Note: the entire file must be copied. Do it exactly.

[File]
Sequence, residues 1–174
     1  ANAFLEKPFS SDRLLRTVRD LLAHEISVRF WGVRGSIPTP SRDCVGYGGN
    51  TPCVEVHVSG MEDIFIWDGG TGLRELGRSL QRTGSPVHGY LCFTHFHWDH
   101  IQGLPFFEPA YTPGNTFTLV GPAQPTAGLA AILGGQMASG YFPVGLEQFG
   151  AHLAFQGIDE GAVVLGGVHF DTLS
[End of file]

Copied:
Sequence, residues 1–174
     1  ANAFLEKPFS SDRLLRTVRD LLAHEISVRF WGVRGSIPTP SRDCVGYGGN
    51  TPCVEVHVSG MEDIFIWDGG TGLRELGRSL QRTGSPVHGY LCFTHFHWDH
   101  IQGLPFFEPA YTPGNTFTLV GPAQPTAGLA AILGGQMASG YFPVGLEQFG
   151  AHLAFQGIDE GAVVLGGVHF DTLS